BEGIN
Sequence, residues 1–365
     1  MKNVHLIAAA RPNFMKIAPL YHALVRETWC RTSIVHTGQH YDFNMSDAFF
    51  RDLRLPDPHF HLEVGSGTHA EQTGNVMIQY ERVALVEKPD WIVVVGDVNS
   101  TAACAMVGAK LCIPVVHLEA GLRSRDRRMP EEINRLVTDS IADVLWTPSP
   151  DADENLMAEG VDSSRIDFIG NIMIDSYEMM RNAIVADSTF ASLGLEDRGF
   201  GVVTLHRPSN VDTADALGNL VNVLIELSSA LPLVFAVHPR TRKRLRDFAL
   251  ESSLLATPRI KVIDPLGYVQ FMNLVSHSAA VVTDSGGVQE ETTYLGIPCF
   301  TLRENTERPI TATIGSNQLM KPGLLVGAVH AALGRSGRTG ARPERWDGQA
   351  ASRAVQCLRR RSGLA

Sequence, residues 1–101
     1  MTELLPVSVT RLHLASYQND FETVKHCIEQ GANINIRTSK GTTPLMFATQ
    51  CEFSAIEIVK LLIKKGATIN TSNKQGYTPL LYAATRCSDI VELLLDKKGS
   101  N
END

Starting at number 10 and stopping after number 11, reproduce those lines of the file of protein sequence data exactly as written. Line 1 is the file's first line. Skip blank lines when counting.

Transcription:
Sequence, residues 1–101
     1  MTELLPVSVT RLHLASYQND FETVKHCIEQ GANINIRTSK GTTPLMFATQ